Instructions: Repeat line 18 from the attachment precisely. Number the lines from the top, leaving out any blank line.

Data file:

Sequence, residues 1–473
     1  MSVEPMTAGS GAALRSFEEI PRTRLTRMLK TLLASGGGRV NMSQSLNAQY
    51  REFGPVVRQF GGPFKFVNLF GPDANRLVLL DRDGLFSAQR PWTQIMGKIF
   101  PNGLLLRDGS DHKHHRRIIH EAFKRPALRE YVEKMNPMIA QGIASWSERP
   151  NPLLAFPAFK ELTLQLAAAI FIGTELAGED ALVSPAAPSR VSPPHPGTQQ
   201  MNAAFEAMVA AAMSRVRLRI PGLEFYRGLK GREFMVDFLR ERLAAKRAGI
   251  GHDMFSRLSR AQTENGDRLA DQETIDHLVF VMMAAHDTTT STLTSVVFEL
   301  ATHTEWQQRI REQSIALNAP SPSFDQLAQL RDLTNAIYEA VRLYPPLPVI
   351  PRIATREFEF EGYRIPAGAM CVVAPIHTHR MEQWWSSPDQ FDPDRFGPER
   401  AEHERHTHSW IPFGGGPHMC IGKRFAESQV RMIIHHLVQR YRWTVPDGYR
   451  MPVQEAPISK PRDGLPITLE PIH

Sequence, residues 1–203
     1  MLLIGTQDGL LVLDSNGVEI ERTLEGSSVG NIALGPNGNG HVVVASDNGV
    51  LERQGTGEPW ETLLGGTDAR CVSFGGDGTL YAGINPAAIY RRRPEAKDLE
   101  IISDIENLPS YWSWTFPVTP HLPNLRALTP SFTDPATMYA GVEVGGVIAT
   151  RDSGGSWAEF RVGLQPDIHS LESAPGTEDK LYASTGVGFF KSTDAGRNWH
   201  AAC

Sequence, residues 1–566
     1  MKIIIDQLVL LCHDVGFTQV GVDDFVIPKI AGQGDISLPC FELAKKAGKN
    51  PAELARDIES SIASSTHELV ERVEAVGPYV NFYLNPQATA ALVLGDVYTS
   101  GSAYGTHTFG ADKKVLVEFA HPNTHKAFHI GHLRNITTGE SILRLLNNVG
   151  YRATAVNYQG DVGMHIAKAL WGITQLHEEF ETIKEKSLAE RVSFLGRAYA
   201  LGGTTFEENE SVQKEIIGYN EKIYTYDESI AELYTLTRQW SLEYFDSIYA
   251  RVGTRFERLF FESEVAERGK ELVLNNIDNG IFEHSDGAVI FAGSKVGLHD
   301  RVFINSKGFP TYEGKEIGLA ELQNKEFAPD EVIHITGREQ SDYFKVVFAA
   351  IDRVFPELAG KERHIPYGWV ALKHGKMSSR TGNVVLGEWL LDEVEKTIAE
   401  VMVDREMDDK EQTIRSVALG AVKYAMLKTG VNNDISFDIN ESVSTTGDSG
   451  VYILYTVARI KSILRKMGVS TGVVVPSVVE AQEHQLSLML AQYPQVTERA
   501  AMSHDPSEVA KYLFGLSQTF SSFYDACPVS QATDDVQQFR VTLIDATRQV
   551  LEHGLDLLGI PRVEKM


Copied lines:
Sequence, residues 1–566